According to a new study released February 16 by the cannabis company Leafly, the marijuana industry added more than 77,000 jobs over the past year, a 32% increase that makes the sector the fastest in job creation compared to any other American industry.
The marijuana industry’s year-over-year job growth is remarkable, occurring in the worst year for U.S. economic growth since World War II. The overall American economy contracted by 3.5% in 2020, the unemployment rate almost doubled, and nearly 10 million Americans lost their jobs. But through it all, marijuana companies prospered and their stocks soared.
The marijuana sector is currently home to about 321,000 full-time jobs, across 37 states that have legalized the plant to some degree. The Leafly report underscores a widespread, bipartisan argument in favor of reform: legalizing and regulating cannabis conveys huge economic benefits.
Since 2017, the U.S. marijuana industry has averaged annual job growth of 27.5% every year. No other industry even comes close to this rate of job creation.
The report offers this stunning perspective: “In the United States there are more legal cannabis workers than electrical engineers. There are more legal cannabis workers than EMTs and paramedics. There are more than twice as many legal cannabis workers as dentists.”
In 2020, Americans bought $18.3 billion worth of marijuana products, a 71% increase over 2019. New consumers of recreational and medical marijuana, and the spread of legalization among the states, propelled much of the marijuana surge in 2020. But another catalyst for growth was an increase in the average purchase size of established consumers, who boosted their average monthly spend by 33%.
Leafly’s Annual Jobs Report is based on employment estimation methods from a variety of marijuana data companies: MPG Consulting, Whitney Economics, BDS Analytics, New Frontier Data, Vangst, and Headset, as well as state regulatory data.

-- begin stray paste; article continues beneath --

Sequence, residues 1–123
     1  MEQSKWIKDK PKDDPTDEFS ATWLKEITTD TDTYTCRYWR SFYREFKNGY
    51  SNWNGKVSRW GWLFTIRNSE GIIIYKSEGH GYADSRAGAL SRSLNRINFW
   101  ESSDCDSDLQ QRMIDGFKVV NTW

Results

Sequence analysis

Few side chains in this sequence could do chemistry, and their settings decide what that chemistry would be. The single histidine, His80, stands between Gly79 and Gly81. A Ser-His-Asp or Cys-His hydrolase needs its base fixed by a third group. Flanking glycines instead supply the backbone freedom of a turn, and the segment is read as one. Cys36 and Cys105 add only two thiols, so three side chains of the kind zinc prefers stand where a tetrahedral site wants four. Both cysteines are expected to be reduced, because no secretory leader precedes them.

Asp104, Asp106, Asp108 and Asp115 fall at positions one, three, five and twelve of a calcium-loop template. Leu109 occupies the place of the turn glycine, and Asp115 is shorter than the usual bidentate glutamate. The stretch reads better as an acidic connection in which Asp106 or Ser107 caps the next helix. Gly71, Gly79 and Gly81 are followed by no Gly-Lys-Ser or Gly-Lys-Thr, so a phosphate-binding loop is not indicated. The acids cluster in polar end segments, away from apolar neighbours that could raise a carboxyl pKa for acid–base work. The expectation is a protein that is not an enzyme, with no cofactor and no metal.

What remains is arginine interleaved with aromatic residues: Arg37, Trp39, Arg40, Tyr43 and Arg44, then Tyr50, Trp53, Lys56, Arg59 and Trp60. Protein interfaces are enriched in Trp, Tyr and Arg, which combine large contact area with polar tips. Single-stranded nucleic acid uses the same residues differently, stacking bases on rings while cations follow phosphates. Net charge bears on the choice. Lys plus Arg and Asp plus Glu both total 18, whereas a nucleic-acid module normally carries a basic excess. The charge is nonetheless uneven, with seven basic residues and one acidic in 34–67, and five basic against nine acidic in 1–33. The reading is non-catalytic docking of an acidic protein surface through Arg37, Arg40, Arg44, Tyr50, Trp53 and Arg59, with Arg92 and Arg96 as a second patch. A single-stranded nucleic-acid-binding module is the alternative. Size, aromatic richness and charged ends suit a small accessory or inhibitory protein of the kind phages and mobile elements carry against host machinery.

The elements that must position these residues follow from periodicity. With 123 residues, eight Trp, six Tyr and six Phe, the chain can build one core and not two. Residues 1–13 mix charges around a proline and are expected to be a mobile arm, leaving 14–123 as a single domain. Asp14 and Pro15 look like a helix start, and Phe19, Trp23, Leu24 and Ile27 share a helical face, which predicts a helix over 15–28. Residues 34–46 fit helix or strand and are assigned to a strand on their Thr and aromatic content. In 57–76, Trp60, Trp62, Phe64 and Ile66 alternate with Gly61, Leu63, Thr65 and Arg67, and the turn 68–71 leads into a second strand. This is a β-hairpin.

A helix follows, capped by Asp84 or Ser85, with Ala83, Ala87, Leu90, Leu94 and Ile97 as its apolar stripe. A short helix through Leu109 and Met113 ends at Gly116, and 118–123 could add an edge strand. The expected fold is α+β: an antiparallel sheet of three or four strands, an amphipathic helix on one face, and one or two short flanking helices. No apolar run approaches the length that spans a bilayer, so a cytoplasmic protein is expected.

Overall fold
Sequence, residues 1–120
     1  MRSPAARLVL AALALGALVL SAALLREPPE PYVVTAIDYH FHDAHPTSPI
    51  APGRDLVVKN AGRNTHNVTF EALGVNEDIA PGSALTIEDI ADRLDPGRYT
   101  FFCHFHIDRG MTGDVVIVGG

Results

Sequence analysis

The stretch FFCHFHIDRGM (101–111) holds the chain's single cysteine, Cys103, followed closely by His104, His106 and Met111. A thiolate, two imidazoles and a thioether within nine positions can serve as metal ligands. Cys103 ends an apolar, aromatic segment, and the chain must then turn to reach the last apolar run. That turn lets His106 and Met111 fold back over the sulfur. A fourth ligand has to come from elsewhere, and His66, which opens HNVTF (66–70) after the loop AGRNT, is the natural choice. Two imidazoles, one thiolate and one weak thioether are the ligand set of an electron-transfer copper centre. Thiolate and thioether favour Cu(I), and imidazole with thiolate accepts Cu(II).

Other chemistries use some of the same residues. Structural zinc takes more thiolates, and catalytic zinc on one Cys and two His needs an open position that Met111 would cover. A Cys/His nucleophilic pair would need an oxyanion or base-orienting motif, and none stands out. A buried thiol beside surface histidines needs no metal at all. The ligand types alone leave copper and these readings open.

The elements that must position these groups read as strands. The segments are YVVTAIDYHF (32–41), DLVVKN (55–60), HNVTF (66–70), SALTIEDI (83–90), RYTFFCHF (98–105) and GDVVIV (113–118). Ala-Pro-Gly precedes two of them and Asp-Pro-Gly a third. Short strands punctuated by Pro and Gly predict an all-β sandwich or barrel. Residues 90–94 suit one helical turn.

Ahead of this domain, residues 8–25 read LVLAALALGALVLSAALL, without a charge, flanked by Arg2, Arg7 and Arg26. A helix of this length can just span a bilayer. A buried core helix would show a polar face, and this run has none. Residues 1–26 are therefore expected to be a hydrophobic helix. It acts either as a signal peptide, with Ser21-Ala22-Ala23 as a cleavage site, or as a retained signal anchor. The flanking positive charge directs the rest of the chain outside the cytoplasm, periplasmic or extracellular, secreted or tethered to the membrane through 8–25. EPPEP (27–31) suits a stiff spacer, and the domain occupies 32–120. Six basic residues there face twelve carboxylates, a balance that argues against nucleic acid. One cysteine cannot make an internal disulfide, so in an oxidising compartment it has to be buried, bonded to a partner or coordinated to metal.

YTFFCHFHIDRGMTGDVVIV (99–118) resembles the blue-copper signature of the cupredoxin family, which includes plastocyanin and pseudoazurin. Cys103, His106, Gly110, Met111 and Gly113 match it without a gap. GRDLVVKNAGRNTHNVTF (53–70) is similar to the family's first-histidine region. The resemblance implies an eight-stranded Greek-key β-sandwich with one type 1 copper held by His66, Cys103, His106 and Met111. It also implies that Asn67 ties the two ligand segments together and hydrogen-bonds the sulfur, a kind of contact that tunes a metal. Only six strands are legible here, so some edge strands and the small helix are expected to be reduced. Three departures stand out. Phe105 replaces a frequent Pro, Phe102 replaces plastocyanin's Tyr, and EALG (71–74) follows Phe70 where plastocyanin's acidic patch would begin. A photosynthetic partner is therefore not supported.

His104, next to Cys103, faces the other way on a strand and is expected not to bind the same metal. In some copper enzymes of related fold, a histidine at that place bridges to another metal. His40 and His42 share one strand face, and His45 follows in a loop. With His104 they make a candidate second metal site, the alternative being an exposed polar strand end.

The upshot: Legal marijuana is a jobs generating machine in both the recreational and medical sectors, further proof that the industry and its publicly traded companies have staying power.
New Jersey gets its act together…
In other marijuana news, recreational marijuana will finally become legal in New Jersey under three bills signed by Gov. Phil Murphy (D) on February 22, more than three months after voters approved legalization by a two-to-one margin in the November 3 elections.
New Jersey voters approved a legalization referendum in November, but disagreements between lawmakers and the governor over procedural details had impeded enactment. Monday’s bill signing resolved most of those details (see Murphy’s February 24 tweet).
Monday’s actions compel the police to immediately stop making arrests for small amounts of marijuana possession. However, New Jersey residents likely won’t be able to buy weed from a dispensary for “plus or minus six months,” Murphy noted, as state regulators start the process of establishing the legal marketplace and granting licenses.
During his campaign for governor, Murphy promised that he would support marijuana legalization, in large part for social justice reasons.
Read This Story: Marijuana Amnesty Edges Closer
“New Jersey’s broken and indefensible marijuana laws, which permanently stained the records of many residents and short-circuited their futures, and which disproportionately hurt communities of color and failed the meaning of justice at every level, social or otherwise, are no more,” Murphy said.
The governor also cited the marijuana industry’s proven ability to generate jobs (and tax revenue) as important justifications for making weed legal in the Garden State.
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John Persinos is the editorial director of Investing Daily. He also writes the twice-weekly e-letter Marijuana Investing Daily. Send your questions or comments to [email protected] To subscribe to John’s video channel, follow this link.